The question that often crosses people’s minds is why the Caprivi Strip, which reaches far into the heart of the Southern African subcontinent and has its independent multi-facetted history, was demarcated in its present form and is part of Namibia.
The area known as the Caprivi Strip became part of German South West Africa as a result of the so-called Helgoland-Zanzibar Treaty, which was signed between Germany and Great Britain on 1 July 1890. With this Germany was hoping to gain access to its land properties in East Africa via the Zambezi River. Although the main concern of the treaty was the exchange of the British island Helgoland and the German territorial claims on Zanzibar, Germany also insisted that it was allocated the land strip between the Okavango and Zambezi Rivers. The area was initially known as ‘German Barotseland’ or ‘German Zambezi Region’, but was later named ‘Caprivi’ Strip after the then German Imperial Chancellor Georg Leo Count von Caprivi. The borders of the area were demarcated according to geographical degrees of latitude and longitude or rivers without taking the local inhabitants into consideration. The exact demarcation of the various border sections was a long process and was only finalized in 1933.
The Caprivi Strip consists of the narrow piece between the Okavango and Kwando Rivers and the area of East-Caprivi situated east of the Kwando. Some Khwe and small groups of Mbukushu formerly occupied the mostly waterless West-Caprivi. In addition, it was an area of conflict between the BaLozi of Barotseland and the BaTawana of Ngamiland during the 19th century. Although some Khwe still occupy certain parts of it today, the area is a conservation area, which includes the Bwabwata National Park in the north.
The people of East-Caprivi, who form part of the Zambezi tribes, are not related to the other Bantu-speaking inhabitants of Namibia and comprise the BaLozi, BaSubiya, MaFwe, HaMbukushu, BaYeyi, MaTotela, MaMbalangwe and BaMashi, as well as some Khwe.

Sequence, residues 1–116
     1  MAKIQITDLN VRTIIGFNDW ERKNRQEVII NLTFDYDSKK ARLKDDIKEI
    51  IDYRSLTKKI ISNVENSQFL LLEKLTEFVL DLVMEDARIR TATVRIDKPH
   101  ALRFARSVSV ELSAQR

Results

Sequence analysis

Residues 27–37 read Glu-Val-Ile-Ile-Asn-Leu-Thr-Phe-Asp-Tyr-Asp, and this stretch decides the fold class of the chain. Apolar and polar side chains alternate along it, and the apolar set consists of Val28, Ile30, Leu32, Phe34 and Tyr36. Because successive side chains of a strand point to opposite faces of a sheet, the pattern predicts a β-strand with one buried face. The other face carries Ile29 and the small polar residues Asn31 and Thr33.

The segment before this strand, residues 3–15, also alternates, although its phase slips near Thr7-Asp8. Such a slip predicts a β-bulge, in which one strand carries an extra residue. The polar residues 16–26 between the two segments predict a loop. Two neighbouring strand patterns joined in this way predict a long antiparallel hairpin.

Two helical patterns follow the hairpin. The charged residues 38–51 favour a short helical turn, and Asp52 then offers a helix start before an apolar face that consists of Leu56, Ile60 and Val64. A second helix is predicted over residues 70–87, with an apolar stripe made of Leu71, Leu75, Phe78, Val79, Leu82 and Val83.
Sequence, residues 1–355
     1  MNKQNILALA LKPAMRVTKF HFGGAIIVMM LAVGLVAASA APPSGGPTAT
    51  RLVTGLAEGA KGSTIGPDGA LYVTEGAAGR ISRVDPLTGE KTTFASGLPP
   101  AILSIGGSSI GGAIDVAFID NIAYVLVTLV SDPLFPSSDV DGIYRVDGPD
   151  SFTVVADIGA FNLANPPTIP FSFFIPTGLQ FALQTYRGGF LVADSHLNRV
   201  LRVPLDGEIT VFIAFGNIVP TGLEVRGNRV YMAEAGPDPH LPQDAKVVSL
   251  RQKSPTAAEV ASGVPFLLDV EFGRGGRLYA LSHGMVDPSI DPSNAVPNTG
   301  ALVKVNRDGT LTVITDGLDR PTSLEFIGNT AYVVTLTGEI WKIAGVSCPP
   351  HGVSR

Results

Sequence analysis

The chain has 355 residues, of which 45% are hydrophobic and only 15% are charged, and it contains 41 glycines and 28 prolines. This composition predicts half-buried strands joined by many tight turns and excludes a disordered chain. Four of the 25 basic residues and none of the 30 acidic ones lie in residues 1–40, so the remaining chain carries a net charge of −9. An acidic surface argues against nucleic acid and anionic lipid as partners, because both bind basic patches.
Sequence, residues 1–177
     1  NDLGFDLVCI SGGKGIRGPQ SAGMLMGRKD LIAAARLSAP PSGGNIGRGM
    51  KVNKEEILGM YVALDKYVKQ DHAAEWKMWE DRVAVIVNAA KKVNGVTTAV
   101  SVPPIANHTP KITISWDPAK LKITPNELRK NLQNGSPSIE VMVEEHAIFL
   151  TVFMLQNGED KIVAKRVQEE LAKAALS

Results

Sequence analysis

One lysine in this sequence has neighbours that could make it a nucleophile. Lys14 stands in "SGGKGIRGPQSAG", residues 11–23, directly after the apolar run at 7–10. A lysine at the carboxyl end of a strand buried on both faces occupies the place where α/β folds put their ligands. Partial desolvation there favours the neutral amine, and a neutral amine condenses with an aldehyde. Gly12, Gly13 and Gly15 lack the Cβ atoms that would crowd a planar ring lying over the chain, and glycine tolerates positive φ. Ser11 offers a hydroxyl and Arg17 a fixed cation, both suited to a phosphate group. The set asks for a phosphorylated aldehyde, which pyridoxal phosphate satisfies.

Since the 17th century the BaLozi, who were living in the Barotse Kingdom north of the Zambezi, dominated and enslaved these tribes. A temporary change was introduced by the terror regime of the Zulu chief Shaka in Natal in the early 1800s. As a result smaller tribes escaped to the north and as far as they proceeded, came into conflict with local groups. In 1830, a group of BaSotho origin, known as the MaKololo, settled under their chief Sebetwane in Old-Linyanti, which is the present Sangwali. They subjugated Barotseland and the area of East Caprivi and founded the Kololo kingdom. Under Sebetwane’s successor Sekeletu they gradually lost power and in 1864 the Lozi chief Sepopa defeated them decisively. The era of Sepopa and that of his successor Lewanika were characterized by cruel suppression and slavery. Only through the influence of the French missionaries 30,000 slaves were released in 1906. The language of the MaKololo, which stems from SeSotho, later became a mixed language, which took up many elements of SiLozi and is still used in the area today.
Although Germany had taken possession of the Caprivi Strip, it delayed the opening up and development of this remote area for a long time. Only in 1909 Captain Kurt Streitwolf was sent out as representative. On the banks of the Zambezi River he built a station, which he named Schuckmannsburg after the then German Governor Bruno von Schuckmann. Streitwolf immediately set out to create an administrative structure, which was based on the traditional political system of the local people. This effectively meant that the population was given the opportunity to rid themselves from slavery and dependence and to elect or reaffirm their own chiefs and representatives. During their five-and-half year stay in Caprivi, Streitwolf and his successors managed to gain the confidence of the population. The First World War ended the German era.
Continuation on further developments in the Caprivi in the next episode.